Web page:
This was the second year that we’ve put on the event in London and this year we had a larger number of delegates from even more countries. The feedback we’ve gotten from attendees was overwhelmingly positive with frequent comments on the level of insight provided and comprehensiveness content.

The roster of speakers this year included some of the top executives in the American Drinks market including Rudy Ruiz, EVP of Southern Wine and Spirits, Vincent O’Brien, Senior Counsel at Nixon Peabody, John McDonnell, COO of Patrón Spirits, Bill Earle, President of the National Association of Beverage Importers, Roy Danis of AV Brands, and conference co-organizer John Beaudette, President of MHW Ltd. The subject matter included case histories and lessons learned by brands that have been successful in the U.S. and a wealth of data on the American market structure. Jeff Grindrod, Managing Partner at Brand Action Team, and Mike Ginley, President of Next Level presented results of “hot off the presses” research on consumer trends and preferences.

Several themes recurred through the conference including the impact of the global financial crisis on the Drinks industry, aligning distributor and supplier expectations, and the shift in marketing strategies toward more online and non-traditional spending.

Impact of Financial Crisis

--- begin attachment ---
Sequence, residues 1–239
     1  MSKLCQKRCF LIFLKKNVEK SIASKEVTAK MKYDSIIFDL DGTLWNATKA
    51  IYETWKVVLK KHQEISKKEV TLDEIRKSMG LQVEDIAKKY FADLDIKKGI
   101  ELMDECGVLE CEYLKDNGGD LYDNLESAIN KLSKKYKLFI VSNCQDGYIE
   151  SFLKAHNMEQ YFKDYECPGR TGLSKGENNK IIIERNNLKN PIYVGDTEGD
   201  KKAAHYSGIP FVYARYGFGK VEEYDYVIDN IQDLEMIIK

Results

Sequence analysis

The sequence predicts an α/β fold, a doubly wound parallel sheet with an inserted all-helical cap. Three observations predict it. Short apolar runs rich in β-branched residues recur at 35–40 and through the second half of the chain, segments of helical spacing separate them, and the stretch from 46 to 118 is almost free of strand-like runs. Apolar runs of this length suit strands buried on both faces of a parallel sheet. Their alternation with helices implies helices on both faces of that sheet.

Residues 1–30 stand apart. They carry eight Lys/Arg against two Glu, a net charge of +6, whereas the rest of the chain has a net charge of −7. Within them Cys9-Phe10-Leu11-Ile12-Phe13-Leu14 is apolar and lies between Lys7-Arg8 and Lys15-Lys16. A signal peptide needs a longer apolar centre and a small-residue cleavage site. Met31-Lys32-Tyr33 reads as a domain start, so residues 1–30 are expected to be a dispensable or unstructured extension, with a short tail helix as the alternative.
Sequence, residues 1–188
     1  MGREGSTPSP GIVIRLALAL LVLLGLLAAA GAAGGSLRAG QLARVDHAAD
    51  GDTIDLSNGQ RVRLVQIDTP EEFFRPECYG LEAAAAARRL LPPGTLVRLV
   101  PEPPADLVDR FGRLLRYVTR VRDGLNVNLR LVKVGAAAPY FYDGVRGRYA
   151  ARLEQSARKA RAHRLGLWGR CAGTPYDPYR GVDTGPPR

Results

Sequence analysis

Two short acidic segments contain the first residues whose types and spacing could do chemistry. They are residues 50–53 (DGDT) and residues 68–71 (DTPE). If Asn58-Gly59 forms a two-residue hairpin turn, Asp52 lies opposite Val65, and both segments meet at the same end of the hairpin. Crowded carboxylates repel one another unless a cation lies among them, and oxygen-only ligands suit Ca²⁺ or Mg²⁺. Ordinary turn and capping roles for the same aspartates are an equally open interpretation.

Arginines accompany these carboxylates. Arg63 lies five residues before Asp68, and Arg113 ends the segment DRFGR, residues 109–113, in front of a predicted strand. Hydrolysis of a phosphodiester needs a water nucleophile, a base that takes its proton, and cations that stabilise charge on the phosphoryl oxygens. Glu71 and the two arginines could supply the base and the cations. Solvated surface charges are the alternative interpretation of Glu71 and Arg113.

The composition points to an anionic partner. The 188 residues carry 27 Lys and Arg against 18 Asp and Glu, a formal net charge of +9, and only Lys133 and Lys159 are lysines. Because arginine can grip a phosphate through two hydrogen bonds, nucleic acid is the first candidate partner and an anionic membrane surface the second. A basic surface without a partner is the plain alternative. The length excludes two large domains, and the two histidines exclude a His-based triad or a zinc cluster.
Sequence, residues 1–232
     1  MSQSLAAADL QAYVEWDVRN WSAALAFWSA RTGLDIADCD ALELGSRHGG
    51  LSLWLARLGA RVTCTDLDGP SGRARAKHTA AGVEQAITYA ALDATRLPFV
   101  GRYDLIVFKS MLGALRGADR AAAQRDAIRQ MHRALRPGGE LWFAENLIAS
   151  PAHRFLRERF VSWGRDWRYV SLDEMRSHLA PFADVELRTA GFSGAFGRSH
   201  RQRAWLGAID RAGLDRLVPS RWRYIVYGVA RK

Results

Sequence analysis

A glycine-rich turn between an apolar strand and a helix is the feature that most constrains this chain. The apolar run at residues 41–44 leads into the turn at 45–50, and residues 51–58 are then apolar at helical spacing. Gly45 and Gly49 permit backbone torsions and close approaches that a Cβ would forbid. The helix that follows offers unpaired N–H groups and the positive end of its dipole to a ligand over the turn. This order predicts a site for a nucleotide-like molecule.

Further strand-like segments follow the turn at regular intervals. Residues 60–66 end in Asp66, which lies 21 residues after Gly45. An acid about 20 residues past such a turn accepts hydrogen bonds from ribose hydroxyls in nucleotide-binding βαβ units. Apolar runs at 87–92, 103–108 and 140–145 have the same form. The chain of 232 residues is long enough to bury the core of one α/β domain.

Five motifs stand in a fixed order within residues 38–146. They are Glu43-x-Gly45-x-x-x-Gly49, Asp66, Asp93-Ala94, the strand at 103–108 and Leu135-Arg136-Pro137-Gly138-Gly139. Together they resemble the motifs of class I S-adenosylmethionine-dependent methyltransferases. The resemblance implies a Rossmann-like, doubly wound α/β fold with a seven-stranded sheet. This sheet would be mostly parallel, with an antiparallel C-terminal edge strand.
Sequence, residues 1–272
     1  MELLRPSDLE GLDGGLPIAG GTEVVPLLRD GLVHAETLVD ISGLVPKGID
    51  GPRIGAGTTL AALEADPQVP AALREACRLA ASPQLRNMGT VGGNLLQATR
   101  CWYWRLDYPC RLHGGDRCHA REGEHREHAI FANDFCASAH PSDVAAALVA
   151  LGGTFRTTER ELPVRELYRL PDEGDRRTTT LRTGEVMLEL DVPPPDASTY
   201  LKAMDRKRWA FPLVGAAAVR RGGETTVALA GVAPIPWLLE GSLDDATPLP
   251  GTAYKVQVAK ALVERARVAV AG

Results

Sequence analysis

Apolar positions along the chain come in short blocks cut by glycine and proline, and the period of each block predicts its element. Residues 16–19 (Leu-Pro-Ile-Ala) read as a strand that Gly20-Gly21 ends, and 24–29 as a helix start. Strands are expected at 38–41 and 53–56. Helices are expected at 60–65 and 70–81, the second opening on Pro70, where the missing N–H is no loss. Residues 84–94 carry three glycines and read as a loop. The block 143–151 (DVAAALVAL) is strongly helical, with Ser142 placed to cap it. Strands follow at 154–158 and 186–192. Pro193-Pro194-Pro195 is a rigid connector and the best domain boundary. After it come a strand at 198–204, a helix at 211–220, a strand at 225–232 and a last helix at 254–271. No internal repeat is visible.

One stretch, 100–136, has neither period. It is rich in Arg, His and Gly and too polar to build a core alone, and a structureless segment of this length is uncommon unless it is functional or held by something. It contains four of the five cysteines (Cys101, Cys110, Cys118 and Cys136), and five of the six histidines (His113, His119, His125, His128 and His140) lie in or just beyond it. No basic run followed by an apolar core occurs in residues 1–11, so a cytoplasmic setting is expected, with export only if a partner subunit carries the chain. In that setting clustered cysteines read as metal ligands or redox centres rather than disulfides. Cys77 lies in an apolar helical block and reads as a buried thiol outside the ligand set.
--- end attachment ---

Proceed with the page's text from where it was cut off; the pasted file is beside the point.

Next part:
“The economic crisis we’re going through is certainly having an impact on the business, but the research results clearly demonstrated that the U.S. beverage alcohol industry is recession-resilient,” commented Ginley of Next Level.
Grindrod added that “we see continued growth in volume and revenue, albeit slowing, and a shift in consumption from on premise to off premise. This is very timely data since much of the survey was completed in the two weeks preceding the conference.
Perhaps the most interesting thing we found is that for those folks going out to restaurants, the last thing they tend to cut out is the cocktail, wine or beer part of the meal,” he noted.

Aligning Expectations

Ruiz of Southern Wine and Spirits gave some well received advice to suppliers looking to export their brands to the U.S. “The key to a successful relationship between supplier and distributor is in aligning expectations,” he stressed. “When presenting new brands to Southern, expect to come in with a three year plan including a detailed one year operating plan with realistic expectations on case volume. It is more worthwhile to consider launching in smaller markets, proving your success with programming that demonstrates it’s repeatable.” According to Ruiz, the best demonstration of brand traction is when they see bars and retailers calling Southern and asking for the brand.

Evolution of Internet as Strategic Tool

Steve Raye of Brand Action Team brought home the importance of new online tools such as blogs and social media marketing for brand building. “It’s a noble goal to get visitors to your brand website, but at the end of the day, it’s more important to get your content out to where prospective customers already are spending their time…reading blogs, searching for recipes, reading comments on wines that other consumers have posted. Indeed, research shows that 65% of consumers read reviews online before purchasing a product.”

The US Continues As The Worlds Best Beverage Alcohol Market For New Brands

As John Beaudette summarized at day’s end, imports continue to drive growth across all beverage alcohol categories. “Considering the emergence of Eastern Europe, the Far East, and the rest of the world, we recognize that suppliers have many options in terms of investing behind new or existing brands. We hope we’ve clearly demonstrated that America is still the primary destination you should target”.